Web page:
Thursday, July 03, 2008

A Knife To A Gunfight

On Wednesday three people were killed and scores wounded when Hussam Duwiyat, 30, from the East Jerusalem neighborhood of Zur Baher, stole a huge tractor from the construction site where he was working and drove it into a bus and a number of cars on busy Jaffa Road in downtown Jerusalem, just past the teeming Machne Yehuda outdoor produce market..

An 20-year old soldier on leave from basic training along with a security guard from a nearby building jumped on the tractor. The security guard wrestled with the wheel piling the tractor up on a cement construction barricade, while the soldier took the guards pistol and fired three shots into Duwiyat’s head. A policeman then jumped on the tractor and fired more shots into Duwiyat. Within minutes the event was over, and Duwiyat was slumped dead in the tractor’s cabin.

Later Duwiyat’s family set up a mourner’s tent, but was told to take it down by the Border Police. PM Olmert called on the police to destroy Duwiyat’s home. TV interviews with the family and neighbors showed dismay and confusion on the faces of those interviewed.

The press continued to call Duwiyat a terrorist, but more evidence came in to contradict this claim. Duwiyat was the father of small children, and had been married to a Jewish woman. He had a police record as a rapist and a drug addict. This wasn’t the profile of a terrorist.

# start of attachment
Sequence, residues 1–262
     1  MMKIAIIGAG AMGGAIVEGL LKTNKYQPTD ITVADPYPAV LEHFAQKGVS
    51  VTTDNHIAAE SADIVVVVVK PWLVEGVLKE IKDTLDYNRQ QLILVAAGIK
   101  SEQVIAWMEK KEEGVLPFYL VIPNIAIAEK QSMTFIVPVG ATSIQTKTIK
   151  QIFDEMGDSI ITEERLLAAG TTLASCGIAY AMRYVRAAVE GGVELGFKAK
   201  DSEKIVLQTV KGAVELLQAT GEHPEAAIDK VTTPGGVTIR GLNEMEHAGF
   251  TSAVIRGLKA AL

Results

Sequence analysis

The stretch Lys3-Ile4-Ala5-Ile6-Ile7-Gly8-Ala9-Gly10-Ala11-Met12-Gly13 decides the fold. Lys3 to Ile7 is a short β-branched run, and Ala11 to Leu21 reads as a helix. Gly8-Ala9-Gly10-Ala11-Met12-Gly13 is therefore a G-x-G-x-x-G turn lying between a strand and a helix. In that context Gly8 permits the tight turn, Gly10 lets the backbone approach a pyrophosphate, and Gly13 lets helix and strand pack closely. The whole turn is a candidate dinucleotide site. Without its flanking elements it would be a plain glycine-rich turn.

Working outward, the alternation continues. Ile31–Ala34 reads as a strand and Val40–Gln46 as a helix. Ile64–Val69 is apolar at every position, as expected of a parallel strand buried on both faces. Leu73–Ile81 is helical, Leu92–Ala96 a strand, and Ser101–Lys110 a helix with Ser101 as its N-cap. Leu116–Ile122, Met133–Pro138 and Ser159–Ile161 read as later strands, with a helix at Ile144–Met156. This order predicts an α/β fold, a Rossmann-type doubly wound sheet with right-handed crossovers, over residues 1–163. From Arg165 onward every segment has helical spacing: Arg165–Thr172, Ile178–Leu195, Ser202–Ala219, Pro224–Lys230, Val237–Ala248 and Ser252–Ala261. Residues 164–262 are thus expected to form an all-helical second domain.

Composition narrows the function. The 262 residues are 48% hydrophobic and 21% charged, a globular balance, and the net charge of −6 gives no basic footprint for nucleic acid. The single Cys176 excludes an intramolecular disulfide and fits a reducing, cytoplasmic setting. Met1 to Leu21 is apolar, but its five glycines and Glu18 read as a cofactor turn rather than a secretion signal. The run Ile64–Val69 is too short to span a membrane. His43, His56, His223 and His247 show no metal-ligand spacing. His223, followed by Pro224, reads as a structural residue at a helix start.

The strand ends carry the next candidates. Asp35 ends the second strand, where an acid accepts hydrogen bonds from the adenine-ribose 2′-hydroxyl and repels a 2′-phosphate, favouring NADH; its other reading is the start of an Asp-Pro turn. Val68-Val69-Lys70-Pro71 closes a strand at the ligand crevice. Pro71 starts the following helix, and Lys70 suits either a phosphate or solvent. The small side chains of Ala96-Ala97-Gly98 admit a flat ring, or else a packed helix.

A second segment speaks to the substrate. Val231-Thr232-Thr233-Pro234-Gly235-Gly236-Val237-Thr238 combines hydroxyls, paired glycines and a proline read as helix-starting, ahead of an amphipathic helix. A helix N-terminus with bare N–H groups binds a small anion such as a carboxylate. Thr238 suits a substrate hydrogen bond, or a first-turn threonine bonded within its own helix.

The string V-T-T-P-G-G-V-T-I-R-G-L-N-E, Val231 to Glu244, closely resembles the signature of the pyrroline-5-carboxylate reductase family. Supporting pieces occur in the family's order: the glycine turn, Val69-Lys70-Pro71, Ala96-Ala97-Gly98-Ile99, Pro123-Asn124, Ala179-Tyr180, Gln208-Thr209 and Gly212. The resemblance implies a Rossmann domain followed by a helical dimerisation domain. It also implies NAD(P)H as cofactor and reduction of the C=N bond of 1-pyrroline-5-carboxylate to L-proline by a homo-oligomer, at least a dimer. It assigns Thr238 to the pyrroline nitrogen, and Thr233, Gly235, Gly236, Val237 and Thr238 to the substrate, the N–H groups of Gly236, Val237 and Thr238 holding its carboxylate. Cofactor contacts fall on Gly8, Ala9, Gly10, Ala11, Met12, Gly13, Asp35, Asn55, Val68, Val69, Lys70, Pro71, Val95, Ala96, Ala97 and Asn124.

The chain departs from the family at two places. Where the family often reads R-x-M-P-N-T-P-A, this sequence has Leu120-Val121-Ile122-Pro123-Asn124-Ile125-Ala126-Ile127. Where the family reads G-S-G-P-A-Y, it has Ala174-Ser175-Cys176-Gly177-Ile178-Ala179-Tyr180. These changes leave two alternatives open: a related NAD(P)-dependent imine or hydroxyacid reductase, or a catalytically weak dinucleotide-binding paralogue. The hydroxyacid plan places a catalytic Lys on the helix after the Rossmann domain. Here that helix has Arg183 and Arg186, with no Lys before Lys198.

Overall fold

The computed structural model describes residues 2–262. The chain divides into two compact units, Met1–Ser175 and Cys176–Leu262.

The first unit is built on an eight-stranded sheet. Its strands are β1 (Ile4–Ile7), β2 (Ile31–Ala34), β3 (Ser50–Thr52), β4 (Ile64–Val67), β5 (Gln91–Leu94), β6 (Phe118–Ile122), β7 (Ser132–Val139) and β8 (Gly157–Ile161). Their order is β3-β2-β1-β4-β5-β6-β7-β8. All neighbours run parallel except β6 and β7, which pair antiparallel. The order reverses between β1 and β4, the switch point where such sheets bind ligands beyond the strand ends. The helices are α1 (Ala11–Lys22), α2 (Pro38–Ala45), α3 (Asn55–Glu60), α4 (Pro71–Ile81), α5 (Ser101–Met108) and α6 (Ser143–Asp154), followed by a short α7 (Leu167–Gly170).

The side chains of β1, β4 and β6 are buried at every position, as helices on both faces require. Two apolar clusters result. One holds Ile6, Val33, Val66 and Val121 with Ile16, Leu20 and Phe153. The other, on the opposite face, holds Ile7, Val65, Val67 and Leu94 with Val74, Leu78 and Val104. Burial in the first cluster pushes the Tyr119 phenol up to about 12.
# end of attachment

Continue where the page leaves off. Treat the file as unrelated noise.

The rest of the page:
A few minutes before the event Diwouat was eating and joking with his fellow workers during a lunch break. One observer said that a driver had probably upset Duwiyat who lost his temper and went on a rampage in a horrendous example of simple road rage.

Pundits said it was unlikely Duwiyat was a terrorist. “Why chose the middle of the day to carry out the attack, and then have an employee in the middle of his shift do the deed?” one asked “He was mad about something,” another observer said. “He wasn’t a terrorist.”

Police investigating the matter showed no connection between Duwiyat and any Palestinian terror organizations. Later questions came in if lethal force was necessary, since the tractor was already nearly immobilized. But in anything that looks like a terrorist attack, it was an open question how far the man planned to go, or if he had other weapons at his disposal. Termination is the simplest way, said a security official.

Meanwhile, the saber rattling continues. Israel’s ex-Chief of Staff Shaul Mofaz, now a cabinet minister in the government, has called on Israel to attack Iran before it is too late. An ABC-TV report showed over 100 Israeli jets in the skies over Turkey on a military exercise. Later an official Israeli source was quoted as saying the exercise was meant to test the fundamentals of a strike against Iran’s nuclear facilities.